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The 2019 Piesman Trophy ballot

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The award that honors linemen who do something that transcends their position.

After carefully reviewing the many submissions we got across college football this season, we’ve prepared the final list of candidates for the 2019 Piesman Trophy. As a reminder, the requirements for this award are very simple - it’s designed to honor the greatest play in which a lineman does an un-lineman like thing, at any level of college football.

(Usually that means catching, throwing, or running with the ball, but we want to leave ourselves wiggle room in case a lineman kicks a 47 yard field goal one day.)

The candidates are presented in no particular order. Please review them each and then head to the link at the bottom of this page to cast your vote.

1. Markel Griggs, Utica

You may need to watch this play a few times to really appreciate what happens. The key moment happens around 16 seconds in, and it is a remarkable feat of quick handedness. Football is very rarely a relay race, and when it is, linemen are very rarely getting the baton. But Markel was ready for the exchange all the same.

2. Darrion Daniels, Nebraska

No, Darrion Daniels didn’t score a touchdown. No, that’s not a formal requirement to win the Piesman. Yes, I love this play deeply.

3. Myron Tagovailoa-Amosa, Notre Dame

How Tagovailoa-Amosa found this ball in the air is still somewhat beyond me. You may also note he slightly shifts the ball to his other hand as the tackle comes so he doesn’t get stripped. Outstanding Piesman work from start to finish.

4. Kyle Schreader, Buffalo State

The offensive linemen who make the Piesman ballot are usually part of a designed play. This ... is definitely not that. When the ball is thrown, he’s at the 48-yard line, but he keeps following the action all the way down to the 12, and that’s why he’s in position to grab this fumble and score. Offensive line coaches should show this in every film session.

5. Drew Himmelman, Illinois State

(Skip ahead to 5:17 to see the eligible play.) Every year, we see a handful of plays where an offensive lineman drops back to catch a long cross-field lateral and rumbles into the end zone, so those need a little something special to make the final Piesman ballot. Going fully parallel to the ground so you can score certainly counts.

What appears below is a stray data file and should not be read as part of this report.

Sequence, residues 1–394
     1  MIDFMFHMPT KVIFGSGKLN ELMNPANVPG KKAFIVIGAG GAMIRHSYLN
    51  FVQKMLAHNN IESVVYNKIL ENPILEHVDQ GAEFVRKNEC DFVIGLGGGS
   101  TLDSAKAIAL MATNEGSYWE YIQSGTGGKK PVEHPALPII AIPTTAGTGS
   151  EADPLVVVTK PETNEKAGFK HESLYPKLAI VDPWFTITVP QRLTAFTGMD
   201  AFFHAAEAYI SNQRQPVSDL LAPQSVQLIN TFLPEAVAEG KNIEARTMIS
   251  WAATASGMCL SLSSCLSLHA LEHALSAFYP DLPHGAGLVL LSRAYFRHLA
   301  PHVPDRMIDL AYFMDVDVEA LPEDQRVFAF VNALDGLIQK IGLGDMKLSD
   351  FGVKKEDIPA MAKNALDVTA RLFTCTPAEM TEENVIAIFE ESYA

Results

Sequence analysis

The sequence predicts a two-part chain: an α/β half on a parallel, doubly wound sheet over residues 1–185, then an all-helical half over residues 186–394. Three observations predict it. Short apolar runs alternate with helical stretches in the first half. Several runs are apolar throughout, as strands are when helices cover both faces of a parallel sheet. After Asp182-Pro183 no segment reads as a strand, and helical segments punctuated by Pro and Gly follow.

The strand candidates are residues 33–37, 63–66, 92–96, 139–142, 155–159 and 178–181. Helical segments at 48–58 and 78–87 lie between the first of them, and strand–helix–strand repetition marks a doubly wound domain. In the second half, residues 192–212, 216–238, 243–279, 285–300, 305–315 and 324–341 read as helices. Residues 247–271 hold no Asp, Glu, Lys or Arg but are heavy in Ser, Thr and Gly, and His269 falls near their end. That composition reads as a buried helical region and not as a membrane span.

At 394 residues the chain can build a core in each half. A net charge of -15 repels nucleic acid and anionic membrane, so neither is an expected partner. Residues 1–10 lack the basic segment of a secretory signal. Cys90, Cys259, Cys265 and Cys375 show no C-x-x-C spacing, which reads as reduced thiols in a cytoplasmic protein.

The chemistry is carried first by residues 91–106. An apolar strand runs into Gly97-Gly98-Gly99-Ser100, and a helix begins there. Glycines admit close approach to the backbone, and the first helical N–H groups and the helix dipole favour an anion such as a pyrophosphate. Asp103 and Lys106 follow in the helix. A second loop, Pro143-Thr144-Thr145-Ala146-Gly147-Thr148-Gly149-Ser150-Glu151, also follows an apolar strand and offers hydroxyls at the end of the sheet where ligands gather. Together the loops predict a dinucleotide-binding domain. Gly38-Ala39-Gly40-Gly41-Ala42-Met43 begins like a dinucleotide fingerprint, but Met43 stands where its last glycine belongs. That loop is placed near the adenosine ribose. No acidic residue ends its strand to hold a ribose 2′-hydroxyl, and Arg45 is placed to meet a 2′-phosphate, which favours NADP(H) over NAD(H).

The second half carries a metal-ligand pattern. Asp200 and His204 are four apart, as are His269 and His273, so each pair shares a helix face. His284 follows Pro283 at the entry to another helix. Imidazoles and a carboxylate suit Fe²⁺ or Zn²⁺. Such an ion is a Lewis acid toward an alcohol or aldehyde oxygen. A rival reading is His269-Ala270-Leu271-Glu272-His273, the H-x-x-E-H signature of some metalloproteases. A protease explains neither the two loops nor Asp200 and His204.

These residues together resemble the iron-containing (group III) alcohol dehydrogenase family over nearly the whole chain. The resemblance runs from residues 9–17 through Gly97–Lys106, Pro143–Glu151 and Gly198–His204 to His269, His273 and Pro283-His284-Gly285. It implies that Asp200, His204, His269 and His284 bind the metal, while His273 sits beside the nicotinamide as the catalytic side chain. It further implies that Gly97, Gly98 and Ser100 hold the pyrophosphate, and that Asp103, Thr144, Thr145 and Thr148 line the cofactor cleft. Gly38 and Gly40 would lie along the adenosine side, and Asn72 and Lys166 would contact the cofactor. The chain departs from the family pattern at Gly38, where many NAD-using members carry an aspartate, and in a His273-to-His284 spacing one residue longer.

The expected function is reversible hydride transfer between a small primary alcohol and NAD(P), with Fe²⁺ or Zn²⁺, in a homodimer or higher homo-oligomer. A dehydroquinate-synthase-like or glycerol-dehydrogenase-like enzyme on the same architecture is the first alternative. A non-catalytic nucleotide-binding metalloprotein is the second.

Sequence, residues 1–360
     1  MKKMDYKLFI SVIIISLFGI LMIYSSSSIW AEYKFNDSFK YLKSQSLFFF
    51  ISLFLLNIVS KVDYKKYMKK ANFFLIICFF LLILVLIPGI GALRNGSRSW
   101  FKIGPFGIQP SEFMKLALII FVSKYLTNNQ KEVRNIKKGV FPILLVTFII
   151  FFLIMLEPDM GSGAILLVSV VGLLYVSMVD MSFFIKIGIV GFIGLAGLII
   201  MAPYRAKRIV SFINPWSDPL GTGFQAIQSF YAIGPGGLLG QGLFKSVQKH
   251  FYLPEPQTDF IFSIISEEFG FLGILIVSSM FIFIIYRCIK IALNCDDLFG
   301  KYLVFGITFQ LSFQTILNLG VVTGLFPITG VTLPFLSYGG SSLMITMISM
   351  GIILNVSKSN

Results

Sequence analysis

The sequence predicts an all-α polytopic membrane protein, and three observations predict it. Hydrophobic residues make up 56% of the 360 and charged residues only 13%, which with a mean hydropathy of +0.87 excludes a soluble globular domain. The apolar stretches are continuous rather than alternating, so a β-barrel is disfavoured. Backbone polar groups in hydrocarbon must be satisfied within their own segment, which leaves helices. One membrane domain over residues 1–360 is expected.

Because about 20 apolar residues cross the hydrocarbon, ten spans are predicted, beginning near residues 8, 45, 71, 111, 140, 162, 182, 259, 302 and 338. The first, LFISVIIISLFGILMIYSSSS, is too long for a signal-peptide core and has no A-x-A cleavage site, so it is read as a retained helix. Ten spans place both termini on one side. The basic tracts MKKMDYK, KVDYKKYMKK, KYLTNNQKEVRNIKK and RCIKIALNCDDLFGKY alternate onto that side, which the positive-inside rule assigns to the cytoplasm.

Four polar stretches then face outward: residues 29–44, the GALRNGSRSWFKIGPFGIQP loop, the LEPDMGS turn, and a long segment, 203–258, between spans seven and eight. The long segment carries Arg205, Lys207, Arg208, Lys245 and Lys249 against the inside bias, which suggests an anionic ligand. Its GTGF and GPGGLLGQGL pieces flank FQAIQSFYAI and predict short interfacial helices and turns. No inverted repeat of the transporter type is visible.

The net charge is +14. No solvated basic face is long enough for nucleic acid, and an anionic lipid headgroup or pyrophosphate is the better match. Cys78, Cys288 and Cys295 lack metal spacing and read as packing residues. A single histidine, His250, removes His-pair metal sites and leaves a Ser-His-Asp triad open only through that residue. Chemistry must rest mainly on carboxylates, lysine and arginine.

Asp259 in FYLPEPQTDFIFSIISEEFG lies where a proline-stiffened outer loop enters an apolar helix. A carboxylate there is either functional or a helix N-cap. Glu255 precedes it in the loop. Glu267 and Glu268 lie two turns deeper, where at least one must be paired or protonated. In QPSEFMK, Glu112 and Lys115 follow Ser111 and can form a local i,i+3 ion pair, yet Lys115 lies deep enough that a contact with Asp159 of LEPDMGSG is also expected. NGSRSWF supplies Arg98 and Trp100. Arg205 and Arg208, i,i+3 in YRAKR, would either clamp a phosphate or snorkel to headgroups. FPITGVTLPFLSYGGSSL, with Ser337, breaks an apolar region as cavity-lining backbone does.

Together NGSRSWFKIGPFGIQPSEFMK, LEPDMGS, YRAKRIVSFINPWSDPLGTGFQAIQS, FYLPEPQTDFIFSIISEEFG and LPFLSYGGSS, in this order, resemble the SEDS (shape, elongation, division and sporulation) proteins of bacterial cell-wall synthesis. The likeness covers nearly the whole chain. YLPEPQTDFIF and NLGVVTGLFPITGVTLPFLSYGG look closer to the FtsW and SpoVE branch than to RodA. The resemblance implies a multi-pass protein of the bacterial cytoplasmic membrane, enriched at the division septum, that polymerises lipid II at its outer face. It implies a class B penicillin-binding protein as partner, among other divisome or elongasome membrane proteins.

6. Samuel Cosmi, Texas

So does beating a defender around the corner and holding on to the ball while you get walloped as you score.

7. Sonatane Lui, Boise State

Clean scoop, excellent awareness to avoid potential tacklers, and bonus points for doing this on the very first snap of the game. One could even argue this was the game-winning touchdown!

8. Big Kat Bryant, Auburn

“But he didn’t score a touchdown!” Bryant is outrunning a tight end and a quarterback for most of this return, and the receiver who finally catches up to him, Bryan Addison, can run a 4.76 40-yard dash, according to ESPN.

9. Demetrius Taylor, Appalachian State

Forcing a fumble on a sack isn’t extremely rare. Recovering that fumble for a touchdown is a little rarer but still not entirely unexpected. Doing both yourself on the same play, as Taylor did here? Immensely impressive.

10. Mika Tafua, Utah

You don’t knock on the door of the College Football Playoff without scoring your fair share of touchdowns. Utah was 17th in the nation in total trips to the end zone in the regular season, with 57, and only five of those other TDs were longer than Tafua’s scamper here.

11. Andrew Rupcich, Culver-Stockton

Of the possible Piesman paths, linemen passing the ball is easily the rarest one taken. Frankly, I don’t know why that is. If you have a lineman who can throw and the bravery to let him, you can draw up a play that will leave the defense totally lost. Rupcich gets this ball where it needs to be, when it needs to be there. Why wouldn’t you want more of this from your offense?

12. Matt Henningsen, Wisconsin

The first Piesman play of 2019 had everything we love about the award: surprise, athleticism, focus, and jubilant teammates. Thank you, Matt Henningsen, for getting our season started right.

13. Brawntae Wells, Northern Iowa

Wells didn’t even flinch when the ball came to him. Didn’t bobble the ball, didn’t stumble on the return. This is a defensive lineman doing a scarily good impression of a cornerback. Bonus: Wells has now made the Piesman ballot two years in a row.


Ready to vote? Decide on your top four Piesman plays and fill out your ballot here.